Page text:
Cardinal Wilton Gregory Begins...
On Tuesday 24th November, a few days before the consistory in which Wilton Gregory was made a cardinal of the Catholic Church, JD Flynn posted an analysis of recent comments by the Archbishop of Washington that he is happy to give Holy Communion to Joe Biden.
Gregory, who was then made a cardinal at the weekend, told a journalist on Tuesday that in his diocese, he will not deny Holy Communion to a politician who has pledged to enshrine access to abortion in federal law and permit federal funding of abortions.
This seems to be in defiance of the recent US Conference of Catholic Bishops statement which, though massively hypocritical in itself, did point out that there were serious problems with some of Biden's policies.The conference president, Archbishop Jose Gomez of Los Angeles, closed the meeting on Nov. 17 by announcing the creation of a bishops’ working group to prepare for the Biden presidency. The USCCB president noted several Biden policies that “pose a serious threat to the common good, whenever any politician supports them.”
Gomez went on to observe that “when politicians who profess the Catholic faith support them, there are additional problems. Among other things, it creates confusion among the faithful about what the Church actually teaches on these questions.” - it seems quite astonishing to me that this had only just dawned on the USCCB - it would have been quite useful to make such a statement at the beginning of the election campaign, but, that would have actually been useful & informed those facing a difficult choice and we could not have bishops doing their duty, could we?
Anyway, as a consequence of this, Gomez announced the formation of a special committee, chaired by Archbishop Alan Vigneron of Detroit, and made up of the heads of various USCCB committees to “emphasize our priorities and enhance collaboration.”
In such a case, the politician’s “pastor should meet with him, instructing him about the Church’s teaching, informing him that he is not to present himself for Holy Communion until he brings to an end the objective situation of sin, and warning him that he will otherwise be denied the Eucharist,”.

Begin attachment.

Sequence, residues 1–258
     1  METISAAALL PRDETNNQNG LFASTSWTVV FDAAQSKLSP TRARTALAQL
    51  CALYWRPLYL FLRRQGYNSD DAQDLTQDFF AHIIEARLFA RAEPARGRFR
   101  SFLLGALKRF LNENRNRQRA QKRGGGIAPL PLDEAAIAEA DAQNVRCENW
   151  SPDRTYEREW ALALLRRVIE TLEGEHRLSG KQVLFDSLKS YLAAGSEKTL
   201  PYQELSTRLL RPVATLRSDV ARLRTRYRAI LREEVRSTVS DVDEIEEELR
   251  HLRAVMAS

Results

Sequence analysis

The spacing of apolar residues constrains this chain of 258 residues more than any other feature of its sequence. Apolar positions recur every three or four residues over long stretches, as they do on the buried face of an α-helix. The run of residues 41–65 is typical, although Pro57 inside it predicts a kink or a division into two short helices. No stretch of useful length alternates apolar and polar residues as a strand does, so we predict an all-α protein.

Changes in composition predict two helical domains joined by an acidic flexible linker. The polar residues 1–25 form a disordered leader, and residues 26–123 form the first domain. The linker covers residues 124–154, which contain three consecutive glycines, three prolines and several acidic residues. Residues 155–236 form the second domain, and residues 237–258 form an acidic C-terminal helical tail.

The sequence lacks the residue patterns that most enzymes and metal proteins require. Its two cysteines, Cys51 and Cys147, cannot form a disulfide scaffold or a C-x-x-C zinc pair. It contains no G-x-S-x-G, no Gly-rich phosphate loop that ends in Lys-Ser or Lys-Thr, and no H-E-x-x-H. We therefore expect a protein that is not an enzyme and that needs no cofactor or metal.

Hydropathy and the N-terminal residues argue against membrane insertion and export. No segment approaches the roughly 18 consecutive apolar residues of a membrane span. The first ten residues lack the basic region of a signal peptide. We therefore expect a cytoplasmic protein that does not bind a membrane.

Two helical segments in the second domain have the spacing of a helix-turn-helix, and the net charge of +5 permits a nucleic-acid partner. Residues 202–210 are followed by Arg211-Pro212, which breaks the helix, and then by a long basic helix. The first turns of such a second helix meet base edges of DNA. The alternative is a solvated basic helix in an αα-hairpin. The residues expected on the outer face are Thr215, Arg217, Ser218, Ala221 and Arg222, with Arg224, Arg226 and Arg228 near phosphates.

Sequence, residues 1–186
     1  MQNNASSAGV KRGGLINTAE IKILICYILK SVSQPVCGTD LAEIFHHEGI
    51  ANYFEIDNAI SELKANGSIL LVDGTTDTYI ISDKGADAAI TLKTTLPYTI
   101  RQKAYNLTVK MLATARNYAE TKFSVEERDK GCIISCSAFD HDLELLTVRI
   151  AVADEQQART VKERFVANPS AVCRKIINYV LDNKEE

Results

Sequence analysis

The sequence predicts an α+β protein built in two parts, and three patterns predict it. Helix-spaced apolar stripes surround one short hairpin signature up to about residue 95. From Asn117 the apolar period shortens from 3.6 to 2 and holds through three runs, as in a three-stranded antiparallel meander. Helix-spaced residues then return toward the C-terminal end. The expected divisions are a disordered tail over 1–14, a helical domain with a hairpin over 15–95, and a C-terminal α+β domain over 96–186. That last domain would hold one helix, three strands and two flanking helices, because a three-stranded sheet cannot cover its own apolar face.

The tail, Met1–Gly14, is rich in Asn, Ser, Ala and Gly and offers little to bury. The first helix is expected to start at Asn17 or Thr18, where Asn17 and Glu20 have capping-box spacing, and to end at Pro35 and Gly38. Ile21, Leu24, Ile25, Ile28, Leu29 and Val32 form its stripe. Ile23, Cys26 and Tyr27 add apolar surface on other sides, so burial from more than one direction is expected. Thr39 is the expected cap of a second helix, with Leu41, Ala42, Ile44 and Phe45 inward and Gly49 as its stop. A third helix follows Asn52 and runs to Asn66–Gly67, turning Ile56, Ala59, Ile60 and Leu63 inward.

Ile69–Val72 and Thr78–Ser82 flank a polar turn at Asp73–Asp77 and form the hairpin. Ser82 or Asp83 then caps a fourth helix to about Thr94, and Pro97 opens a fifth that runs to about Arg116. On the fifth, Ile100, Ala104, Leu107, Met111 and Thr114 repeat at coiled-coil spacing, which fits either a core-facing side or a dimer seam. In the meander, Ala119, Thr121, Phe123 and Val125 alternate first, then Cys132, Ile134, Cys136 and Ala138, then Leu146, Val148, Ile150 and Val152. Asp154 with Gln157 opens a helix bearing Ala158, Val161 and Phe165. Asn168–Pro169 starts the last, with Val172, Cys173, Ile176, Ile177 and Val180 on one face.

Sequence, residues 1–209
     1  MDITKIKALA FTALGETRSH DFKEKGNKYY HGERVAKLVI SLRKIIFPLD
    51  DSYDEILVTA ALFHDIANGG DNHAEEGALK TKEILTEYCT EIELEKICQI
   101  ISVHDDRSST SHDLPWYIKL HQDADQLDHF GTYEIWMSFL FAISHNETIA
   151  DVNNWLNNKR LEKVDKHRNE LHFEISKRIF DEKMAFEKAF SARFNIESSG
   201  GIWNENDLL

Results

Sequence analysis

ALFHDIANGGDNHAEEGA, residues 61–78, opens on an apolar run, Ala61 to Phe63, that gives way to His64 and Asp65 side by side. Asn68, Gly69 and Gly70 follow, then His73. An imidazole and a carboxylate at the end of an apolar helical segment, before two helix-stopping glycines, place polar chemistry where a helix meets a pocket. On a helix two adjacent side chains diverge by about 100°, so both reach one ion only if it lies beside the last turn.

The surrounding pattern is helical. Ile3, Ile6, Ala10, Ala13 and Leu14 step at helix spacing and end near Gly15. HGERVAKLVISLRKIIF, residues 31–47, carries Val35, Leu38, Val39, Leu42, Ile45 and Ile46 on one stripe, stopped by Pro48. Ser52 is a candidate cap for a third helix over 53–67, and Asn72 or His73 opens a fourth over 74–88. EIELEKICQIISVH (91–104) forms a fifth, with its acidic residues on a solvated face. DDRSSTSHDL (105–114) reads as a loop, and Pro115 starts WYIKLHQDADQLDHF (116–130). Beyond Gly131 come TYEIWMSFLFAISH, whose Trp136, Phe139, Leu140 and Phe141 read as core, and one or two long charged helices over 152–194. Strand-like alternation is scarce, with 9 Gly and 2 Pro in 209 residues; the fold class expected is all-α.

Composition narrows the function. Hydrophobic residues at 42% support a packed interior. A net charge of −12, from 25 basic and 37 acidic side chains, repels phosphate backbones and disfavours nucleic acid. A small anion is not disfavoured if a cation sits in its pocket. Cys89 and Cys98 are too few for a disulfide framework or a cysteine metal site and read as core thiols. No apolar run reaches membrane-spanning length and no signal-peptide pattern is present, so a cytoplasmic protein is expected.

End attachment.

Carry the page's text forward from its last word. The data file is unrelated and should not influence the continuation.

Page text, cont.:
If the Catholic perseveres in grave sin and still presents himself for Holy Communion, “the minister of Holy Communion must refuse to distribute it.”
Ratzinger’s memo was an application of canon 915 of the Code of Canon Law, which says that Catholics “obstinately persevering in manifest grave sin are not to be admitted to holy communion.” In short, this memo gave bishops a clear instruction on how to apply the Church’s law. On Tuesday, Archbishop Gregory said he has no plans to do so.
“The question for us is not simply whether denial of Communion is possible, but whether it is pastorally wise and prudent,” the cardinal said.
That cardinal was Theodore McCarrick.
The memo, incidentally, was sent ahead of the meeting to two U.S. bishops: McCarrick, and the president of the U.S. bishops’ conference, Bishop Wilton Gregory.
“To his credit,” Chaput noted, Biden “has championed many causes and issues that do serve the common good. However, many of his actions and words have also supported or smoothed the way for grave moral evils in our public life that have resulted in the destruction of millions of innocent lives.”
“Mr. Biden has said that he will continue to advance those same policies as president, and thus should not receive Holy Communion. His stated intention requires a strong and consistent response from Church leaders and faithful.”
Cardinal Gregory’s manifest intention to violate Canon Law prompts the question: Can we trust priests and bishops who are willing to violate Church law—and doctrine—in this grave matter on the one hand, to defend the inviolable Seal of Confession on the other? Indeed, can we trust the same priests or bishops to uphold all those episcopal “policies, procedures, and protocols” designed to guard against clerical child abuse?
We pray for Archbishop Wilton Gregory to bring renewal in the Truth of Jesus Christ to Washington D.C.— Bishop J. Strickland (@Bishopoftyler) April 4, 2019
A South Dakota priest recently sentenced to prison for embezzlement said he stole, in part, because he disagrees with the Catholic doctrine on homosexuality. Perhaps he expected his bishop to use McCarrick’s logic: “The question for us is not simply whether prosecution is possible, but whether it is pastorally wise and prudent.”
It is interesting to note that Chaput who built a reputation for faithful witness to Catholic teaching, was passed over for a Cardinalate and Gregory, despite his obvious connection to McCarrick, was not. As I posted here, the pope is pretty open about appointing those who support him to high office and blatantly ignoring those who speak out for the faith. As bad as the chaotic fruits of this confusing papacy already are, there are signals of a much darker, much more worrying agenda which directly contradicts efforts to build the Kingdom of Jesus just underneath the surface.